Wild Dogs – an introduction
I’m currently working out of South Africa putting together a project on Wild Dogs and the struggle to secure and develop their population and I thought I’d grab the chance to post an update before I head back into the bush and away from the world of internet connectivity.
Wild Dogs always were pretty special to me but having the opportunity to follow them daily and observe their social intimacies and their hunting and survival strategies has given me a whole new respect for them.
So far I’ve been working alongside researchers from the Endangered Wildlife Trust on a reserve in South Africa’s Limpopo Province but the unique metapopulation conservation approach will also mean working in Botswana and the renowned Hluhluwe-Imfolozi reserve in KwaZulu-Natal.
Wild Dogs have large territories and out of denning season they can cover huge distances in barely no time at all and so I’ve been completely reliant on and continually impressed by the tracking skills of these dedicated few individuals.
Radio collars are used on certain individuals but the terrain and distances involved require more than an understanding of telemetry equipment, and a combination of traditional tracking techniques and an instinctive understanding of Wild Dog behaviour are put to the test daily.
As well as their susceptibility to disease, it may come as no surprise that Africa’s second most endangered carnivore has disappeared from much of its former range as a result of habitat loss and persecution.
Lions are a Wild Dog’s greatest natural adversary though and don’t need a second invitation to kill either adult dogs or pups. Having lost their alpha male and litter to Lions last year, it’s been fascinating monitoring the movement of the pack to avoid Lions, even up into inaccessible rocky areas.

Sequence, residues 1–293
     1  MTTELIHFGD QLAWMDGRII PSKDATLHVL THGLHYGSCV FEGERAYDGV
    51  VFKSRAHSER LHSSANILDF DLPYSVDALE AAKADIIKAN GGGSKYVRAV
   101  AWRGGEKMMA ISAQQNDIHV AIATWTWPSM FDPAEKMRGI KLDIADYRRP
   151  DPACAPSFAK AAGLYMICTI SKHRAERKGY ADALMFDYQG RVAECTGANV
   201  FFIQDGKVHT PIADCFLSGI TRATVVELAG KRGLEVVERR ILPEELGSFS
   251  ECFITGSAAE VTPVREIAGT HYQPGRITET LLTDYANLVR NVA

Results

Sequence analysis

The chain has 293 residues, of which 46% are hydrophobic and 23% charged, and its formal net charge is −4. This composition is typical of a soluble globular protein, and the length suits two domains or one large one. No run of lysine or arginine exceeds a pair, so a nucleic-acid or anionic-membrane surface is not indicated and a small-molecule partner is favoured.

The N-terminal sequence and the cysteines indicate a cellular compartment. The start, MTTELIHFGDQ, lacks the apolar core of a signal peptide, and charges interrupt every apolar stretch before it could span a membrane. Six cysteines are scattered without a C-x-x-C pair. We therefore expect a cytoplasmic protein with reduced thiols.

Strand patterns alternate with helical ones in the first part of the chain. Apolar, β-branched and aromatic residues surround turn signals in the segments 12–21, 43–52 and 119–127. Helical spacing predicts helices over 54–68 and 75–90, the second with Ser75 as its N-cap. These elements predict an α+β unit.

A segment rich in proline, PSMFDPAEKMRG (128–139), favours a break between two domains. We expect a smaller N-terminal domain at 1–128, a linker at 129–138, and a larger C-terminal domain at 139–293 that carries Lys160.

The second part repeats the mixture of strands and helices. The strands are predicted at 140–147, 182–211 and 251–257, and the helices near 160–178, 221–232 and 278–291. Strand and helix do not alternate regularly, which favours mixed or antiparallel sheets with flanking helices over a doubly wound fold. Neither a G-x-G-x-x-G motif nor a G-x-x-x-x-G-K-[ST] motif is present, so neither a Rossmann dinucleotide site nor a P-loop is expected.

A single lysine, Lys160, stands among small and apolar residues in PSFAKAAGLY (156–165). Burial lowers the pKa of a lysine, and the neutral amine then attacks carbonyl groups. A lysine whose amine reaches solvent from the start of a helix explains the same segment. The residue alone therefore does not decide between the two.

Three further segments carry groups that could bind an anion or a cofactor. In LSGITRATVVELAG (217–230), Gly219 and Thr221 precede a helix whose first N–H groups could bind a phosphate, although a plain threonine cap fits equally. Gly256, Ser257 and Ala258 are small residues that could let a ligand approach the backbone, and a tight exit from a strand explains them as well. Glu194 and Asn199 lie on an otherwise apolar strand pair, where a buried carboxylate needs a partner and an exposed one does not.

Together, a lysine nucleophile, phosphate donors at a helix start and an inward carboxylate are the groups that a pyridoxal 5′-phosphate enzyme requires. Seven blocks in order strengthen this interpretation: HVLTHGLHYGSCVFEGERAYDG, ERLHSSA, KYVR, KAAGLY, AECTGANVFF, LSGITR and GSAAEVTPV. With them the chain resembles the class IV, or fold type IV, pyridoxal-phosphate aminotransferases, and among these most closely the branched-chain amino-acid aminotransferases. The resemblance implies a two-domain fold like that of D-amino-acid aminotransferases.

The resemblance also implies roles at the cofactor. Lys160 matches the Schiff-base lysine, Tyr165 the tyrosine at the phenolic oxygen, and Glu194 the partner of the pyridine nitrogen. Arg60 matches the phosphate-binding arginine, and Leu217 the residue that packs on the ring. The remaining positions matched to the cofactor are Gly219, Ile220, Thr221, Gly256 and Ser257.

But the dogs can only avoid Lions when they know where they are and this is usually done by keeping those massive ears tuned for Lions calling. But we did face an agonising wait one morning as the pack literally brushed shoulders with the Lion pride by unwittingly lying up on the adjacent side of a hill.
Wild Dog movements are also governed by the availability of prey. Impala make up the majority of their diet and despite Wild Dogs being among the most efficient large carnivores when it comes to hunting, it was excruciating to witness a handful of failed attempts on their part.
But one has to be on the ball when following Wild Dogs as they don’t hang around, especially when feeding, and on two occasions the pack consumed their prey in only a handful of minutes before we could even get to the scene.
It’s been a pure privilege working on this project so far and there’s more to come including visits to a Wild Dog pack in Botswana who are currently raising a litter of 13 pups and KwaZulu-Natal to see how the Endangered Wildlife Trust is managing the essential element of conservation – community education and engagement.